Tasmania’s largest and most varied operator
Following on from my moderately successful profile of TrackAir Tasmania, the next Tasmanian operator I am covering is Par Avion, also known as Airlines of Tasmania, the state’s largest and most well known charter, training, and commuter airline.
A brief history
Check back in a few weeks for a fairly complete history, it’s taking longer than expected.
|Beechcraft 76 Duchess||VH-BTO|
|Britten Norman BN2B Islander||VH-AEU|
|Cessna 172 Skyhawk||VH-EOK|
|Cessna 206 Stationair||VH-LCD|
|Cessna 404 Titan||VH-CCN|
|Piper PA-31 Chieftain||VH-BTI|
|Beechcraft 76 Duchess||VH-HZD2, 3|
|Britten Norman BN2B Islander||VH-CWG|
|Cessna 172 Skyhawk||VH-LGE2|
|GAF N22 Nomad||VH-ATO|
|Piper PA-31 Chieftain||VH-BTD2|
Par Avion operate a wide variety of charter and scheduled flights all around Tasmania, from Melaleuca in the World Heritage west coast, right up to isolated Cape Barren Island in the Furneaux group, and beyond. Commuter services to Strahan from Launceston and Hobart, and to Cape Barren Island from Launceston are currently operated twice weekly by the pair of Cessna 404s, while the Britten Norman Islanders and Cessna 206s fly multiple daily trips ferrying bushwalkers to Melaleuca in the South West Wilderness. Par Avion also offer a number of day trips and tours to destinations across the state.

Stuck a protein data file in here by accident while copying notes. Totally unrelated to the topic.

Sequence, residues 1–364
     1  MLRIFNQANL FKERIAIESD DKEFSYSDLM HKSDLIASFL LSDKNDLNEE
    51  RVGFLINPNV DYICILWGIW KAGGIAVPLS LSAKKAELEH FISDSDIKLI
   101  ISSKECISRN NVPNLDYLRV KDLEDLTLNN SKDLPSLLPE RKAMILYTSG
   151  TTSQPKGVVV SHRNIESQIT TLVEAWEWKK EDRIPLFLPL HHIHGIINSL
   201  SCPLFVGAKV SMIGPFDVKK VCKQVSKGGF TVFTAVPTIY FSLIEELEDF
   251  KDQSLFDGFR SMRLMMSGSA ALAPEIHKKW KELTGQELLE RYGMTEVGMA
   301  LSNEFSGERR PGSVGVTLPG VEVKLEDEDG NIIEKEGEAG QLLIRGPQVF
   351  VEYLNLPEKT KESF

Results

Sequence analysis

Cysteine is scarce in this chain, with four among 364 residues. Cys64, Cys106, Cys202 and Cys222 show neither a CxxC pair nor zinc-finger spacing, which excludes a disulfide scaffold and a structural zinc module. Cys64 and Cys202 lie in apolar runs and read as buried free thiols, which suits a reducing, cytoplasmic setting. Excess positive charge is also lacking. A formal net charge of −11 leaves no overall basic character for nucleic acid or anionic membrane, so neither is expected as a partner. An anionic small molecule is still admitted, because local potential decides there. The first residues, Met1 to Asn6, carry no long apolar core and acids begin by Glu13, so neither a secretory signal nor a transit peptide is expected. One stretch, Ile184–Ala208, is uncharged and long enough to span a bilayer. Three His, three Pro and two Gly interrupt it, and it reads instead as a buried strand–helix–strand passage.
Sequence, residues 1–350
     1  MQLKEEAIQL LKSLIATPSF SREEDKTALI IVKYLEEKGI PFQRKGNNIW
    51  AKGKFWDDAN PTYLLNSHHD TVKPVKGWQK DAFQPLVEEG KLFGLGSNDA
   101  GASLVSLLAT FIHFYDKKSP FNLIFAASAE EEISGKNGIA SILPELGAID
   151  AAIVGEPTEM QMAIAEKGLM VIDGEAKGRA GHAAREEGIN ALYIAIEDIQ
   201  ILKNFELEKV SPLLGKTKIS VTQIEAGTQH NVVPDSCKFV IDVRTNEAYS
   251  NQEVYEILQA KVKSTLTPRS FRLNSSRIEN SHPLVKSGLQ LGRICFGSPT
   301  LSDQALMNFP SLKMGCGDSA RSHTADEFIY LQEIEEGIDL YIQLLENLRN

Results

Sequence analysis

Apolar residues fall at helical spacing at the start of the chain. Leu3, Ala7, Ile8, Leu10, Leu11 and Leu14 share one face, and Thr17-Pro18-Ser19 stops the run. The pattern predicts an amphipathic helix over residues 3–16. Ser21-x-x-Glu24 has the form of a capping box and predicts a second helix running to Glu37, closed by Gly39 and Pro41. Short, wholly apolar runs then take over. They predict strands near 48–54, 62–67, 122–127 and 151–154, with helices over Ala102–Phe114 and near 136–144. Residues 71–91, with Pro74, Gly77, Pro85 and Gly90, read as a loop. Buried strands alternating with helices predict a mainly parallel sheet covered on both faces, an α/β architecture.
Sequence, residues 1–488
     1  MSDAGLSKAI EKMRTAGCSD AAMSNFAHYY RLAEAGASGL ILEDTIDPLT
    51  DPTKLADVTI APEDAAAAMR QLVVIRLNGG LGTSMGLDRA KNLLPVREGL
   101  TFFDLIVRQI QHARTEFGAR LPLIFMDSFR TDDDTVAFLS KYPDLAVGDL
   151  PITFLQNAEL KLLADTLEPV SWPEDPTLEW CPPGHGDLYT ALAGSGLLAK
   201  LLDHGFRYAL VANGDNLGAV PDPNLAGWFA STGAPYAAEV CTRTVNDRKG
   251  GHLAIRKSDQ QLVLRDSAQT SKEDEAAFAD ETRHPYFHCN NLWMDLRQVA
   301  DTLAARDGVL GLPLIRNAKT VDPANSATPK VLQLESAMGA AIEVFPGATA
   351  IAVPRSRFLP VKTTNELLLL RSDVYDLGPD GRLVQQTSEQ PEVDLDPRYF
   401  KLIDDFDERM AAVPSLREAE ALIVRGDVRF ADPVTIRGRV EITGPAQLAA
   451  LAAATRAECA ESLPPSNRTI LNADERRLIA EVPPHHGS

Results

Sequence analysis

Par Avion Flight Training
Par Avion Flight Training is the in house flying school of Par Avion that operates in conjunction with the University of Tasmania, providing training for individuals and larger organisations?. Re-established with the acquisition of some of recently liquidated Tasair’s assets in February 2012, PAFT is the premier pilot training facility in Tasmania and offer a huge variety of lessons and courses, from a 60 minute Learn to Fly Experience right up to a full Commercial Pilot’s Licence.
Par Avion are currently in the process of replacing a number of their oldest Cessna 172s with newer 172S aircraft equipped with modern Garmin G1000 Avionics, mostly purchased from Oxford Aviation Academy in Melbourne. A number of their twin-engined aircraft are also approaching retirement and will likely be replaced over the next five years. By what type they will be replaced by is not confirmed yet, and will depend upon the outcome of some new legislation currently under review.
I hope this has been an informative and interesting addition to my series on Tasmanian Airlines, and I’d like to say a massive thanks to Dain Cairns and Shannon Wells from Par Avion for helping fill in the gaps for this post. Don’t forget to follow me on Instagram for more photos, and updates on the website!